Damn good storytelling can indeed carry non-traditional gameplay
The Walking Dead was widely considered one of the best games of 2012. The only “problem” with this is that it wasn’t a game in the sense that many are used to. We weren’t exactly playing The Walking Dead, but rather exploring our surroundings, taking part of conversations, and following a story. At its heart, it was a cinematic experience, at times hampered with weird aiming (on Xbox 360) and occasional bugs. That didn’t stop it from winning Game of the Year awards.
Flash forward to 2013 and the same theme is appearing: Gone Home and The Stanley Parable are far from games in the truest sense. Yet they’re still winning plenty of praise and acclaim from critics and gamers alike. That’s not to say they’ve been free from criticism, however.
While critics haven’t been afraid to stand up for the indies in their year-end accolades, gamers haven’t always been as warm. Granted, no matter what someone picks as their game of the year, controversy will follow. The Last of Us is a “safe choice.” BioShock Infinite was “overhyped and nothing but a shooter with a twist ending.” Grand Theft Auto V is “lol, of course.” Gone Home is “no game that’s only 90 minutes will ever win GOTY.” The Stanley Parable is “that’s not even a real game.”
While it may technically be true that titles such as The Walking Dead and Gone Home aren’t games in the “truest” sense, they’re still pieces of interactive media. You’re not going through the motions on auto-pilot. You still have to converse with others, interact with the environment, and explore your surroundings. No game is perfect: some falter in execution, some in narrative, and others in visuals. Just because these games don’t have traditional set pieces doesn’t mean they’re not games; they’re simply a different genre.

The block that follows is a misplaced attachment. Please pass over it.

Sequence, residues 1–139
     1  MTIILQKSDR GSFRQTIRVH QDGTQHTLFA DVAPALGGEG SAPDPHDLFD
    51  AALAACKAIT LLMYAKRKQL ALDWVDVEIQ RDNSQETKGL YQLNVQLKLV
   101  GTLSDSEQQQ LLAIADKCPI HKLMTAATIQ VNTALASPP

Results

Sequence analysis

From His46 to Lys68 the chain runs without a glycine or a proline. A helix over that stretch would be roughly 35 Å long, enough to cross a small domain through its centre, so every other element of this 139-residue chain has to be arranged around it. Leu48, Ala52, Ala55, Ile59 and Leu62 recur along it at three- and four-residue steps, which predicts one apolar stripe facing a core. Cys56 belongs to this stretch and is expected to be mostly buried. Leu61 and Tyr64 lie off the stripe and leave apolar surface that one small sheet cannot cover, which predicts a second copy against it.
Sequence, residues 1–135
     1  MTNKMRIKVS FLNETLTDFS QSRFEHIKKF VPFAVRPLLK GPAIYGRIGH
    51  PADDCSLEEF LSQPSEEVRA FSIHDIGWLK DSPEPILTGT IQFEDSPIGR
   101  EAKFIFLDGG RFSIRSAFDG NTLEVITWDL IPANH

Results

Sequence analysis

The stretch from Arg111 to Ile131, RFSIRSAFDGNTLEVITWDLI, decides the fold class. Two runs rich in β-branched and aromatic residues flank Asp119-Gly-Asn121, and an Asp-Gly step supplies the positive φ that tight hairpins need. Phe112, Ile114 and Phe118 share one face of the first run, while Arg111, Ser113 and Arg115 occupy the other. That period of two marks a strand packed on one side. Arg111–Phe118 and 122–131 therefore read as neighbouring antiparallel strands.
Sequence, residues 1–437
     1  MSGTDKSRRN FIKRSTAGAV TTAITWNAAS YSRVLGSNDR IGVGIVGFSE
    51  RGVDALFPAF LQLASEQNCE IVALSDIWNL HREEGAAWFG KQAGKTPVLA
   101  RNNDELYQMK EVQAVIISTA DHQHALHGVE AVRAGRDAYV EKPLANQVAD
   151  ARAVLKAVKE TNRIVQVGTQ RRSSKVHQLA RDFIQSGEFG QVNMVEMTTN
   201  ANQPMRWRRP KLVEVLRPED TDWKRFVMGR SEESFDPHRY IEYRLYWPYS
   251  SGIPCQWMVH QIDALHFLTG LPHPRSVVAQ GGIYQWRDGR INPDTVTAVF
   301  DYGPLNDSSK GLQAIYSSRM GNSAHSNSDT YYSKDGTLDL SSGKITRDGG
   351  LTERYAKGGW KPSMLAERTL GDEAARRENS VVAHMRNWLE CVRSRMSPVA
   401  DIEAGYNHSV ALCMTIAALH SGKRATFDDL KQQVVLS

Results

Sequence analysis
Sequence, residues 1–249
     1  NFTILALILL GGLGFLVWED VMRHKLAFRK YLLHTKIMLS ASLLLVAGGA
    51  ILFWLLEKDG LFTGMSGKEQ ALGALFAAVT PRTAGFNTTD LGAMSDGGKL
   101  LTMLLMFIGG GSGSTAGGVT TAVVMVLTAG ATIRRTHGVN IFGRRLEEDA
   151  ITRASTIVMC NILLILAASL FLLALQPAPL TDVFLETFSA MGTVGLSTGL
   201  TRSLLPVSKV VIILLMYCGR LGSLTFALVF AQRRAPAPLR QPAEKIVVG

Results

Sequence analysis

Sadly, that hasn’t stopped the continued backlash. People aren’t realizing that these story based games are no different from the more “traditional” titles we all know and love. There are plenty of games that have solid gameplay with an absolutely horrible narrative. With games such as The Stanley Parable, the only thing that’s really changed is that things are inversed. The narrative is incredibly well thought out, but the gameplay can be viewed as lacking. In a year where no game was perfect (other than Rayman Legends, of course), it seems foolish to judge any games in this manner.
The Walking Dead’s story kept me playing through all of my gameplay frustrations. Gone Home’s mystique changes its seemingly dark and dreary setting into a welcome one worth exploring. It’s not just the little guys, either. Animal Crossing: New Leaf’s villagers have me invested in returning to my town after a hiatus as a Pokemon trainer. These are all narrative reasons for playing a game. These stories are making me forget about my issues with the actual gameplay. The writing has me hooked.
It’s a nice change of pace from simply playing a game and ignoring its story.